• A useful fact to put a perspective on global temperature fluctuations is that in the Last Glacial Maximum (which was a big deal) the global average temperature was 4-5 degC lower than now.

  3. michael sweet

    I posted a link to this article on Cliff Mass’s blog.

  4. I don’t approve of the attendant celebration of p-values, but perhaps Mr Mass might benefit from the “Hack your way to scientific glory” at http://fivethirtyeight.com/features/science-isnt-broken/

  5. Tamino, mush as I usually enjoy and learn from your posts in general, in this case I think you have fallen well below your usual standards. To begin with, while Cliff Mass’s post contained no analysis, neither does yours. The closest you come is mentioning that “the warming rate right now is about 4 deg.F per century” without defining what is meant by “right now”.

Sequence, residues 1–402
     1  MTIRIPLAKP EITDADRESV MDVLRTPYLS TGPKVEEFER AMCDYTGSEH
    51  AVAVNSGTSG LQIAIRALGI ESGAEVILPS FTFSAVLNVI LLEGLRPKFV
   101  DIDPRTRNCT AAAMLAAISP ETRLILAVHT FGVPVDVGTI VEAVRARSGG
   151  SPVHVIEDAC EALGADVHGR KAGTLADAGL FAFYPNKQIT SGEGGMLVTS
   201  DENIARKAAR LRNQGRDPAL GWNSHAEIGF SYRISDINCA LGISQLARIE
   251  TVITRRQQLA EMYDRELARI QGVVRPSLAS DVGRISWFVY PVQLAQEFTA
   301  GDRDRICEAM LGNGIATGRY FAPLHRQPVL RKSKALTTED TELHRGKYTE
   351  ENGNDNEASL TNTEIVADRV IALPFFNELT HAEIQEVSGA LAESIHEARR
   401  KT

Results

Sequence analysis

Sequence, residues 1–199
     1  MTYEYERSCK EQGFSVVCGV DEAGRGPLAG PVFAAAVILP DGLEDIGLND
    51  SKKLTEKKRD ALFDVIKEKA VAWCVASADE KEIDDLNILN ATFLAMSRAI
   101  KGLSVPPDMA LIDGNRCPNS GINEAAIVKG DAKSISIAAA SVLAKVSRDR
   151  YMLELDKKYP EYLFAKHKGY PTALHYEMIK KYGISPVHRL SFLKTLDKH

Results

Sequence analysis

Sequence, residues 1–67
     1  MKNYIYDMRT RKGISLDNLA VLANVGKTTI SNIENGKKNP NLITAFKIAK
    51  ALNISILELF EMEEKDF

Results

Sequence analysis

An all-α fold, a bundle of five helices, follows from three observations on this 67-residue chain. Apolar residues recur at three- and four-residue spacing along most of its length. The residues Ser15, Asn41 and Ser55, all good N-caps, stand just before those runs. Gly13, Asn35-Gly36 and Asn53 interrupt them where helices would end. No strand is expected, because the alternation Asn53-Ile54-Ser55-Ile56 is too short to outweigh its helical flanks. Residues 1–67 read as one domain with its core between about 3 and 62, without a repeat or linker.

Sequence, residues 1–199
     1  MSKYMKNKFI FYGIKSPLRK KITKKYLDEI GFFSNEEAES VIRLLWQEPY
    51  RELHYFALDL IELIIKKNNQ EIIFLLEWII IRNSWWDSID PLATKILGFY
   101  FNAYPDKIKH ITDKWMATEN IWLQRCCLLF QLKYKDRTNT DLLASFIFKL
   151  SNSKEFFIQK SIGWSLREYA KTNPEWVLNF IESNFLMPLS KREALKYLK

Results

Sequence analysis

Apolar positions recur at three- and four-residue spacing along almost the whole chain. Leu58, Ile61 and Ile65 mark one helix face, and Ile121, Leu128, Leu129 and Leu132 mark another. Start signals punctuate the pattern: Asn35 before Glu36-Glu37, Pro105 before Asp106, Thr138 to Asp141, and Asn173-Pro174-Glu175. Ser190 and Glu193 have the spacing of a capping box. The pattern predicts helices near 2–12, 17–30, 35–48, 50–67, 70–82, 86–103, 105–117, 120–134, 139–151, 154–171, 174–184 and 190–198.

Because if this, I did my own analysis of the temperature series, and found that for the full temperature record (1895-2015) the linear trend is just 0.52 deg F per century. Even though that is statistically significant (2.13 St Dev), I think such a low warming trend matches Cliff Mass’s claim that there is “really very little upward trend”. Worse, if we remove the 2015 data, the trend becomes 0.35 deg.F per century, and is not statistically significant. While I agree with you that removing the data from 1895-1924 is a cherry pick, Mass’s claim is that 2015 is an unusually hot year for reasons not related to the cause of the overall trend. That being the case, to test that claim it is appropriate to determine the trend absent 2015 data. Regardless of whether or not you agree with that, however, the claim that 2015 is not unusually warm due to the trend is justified by the full data in any event.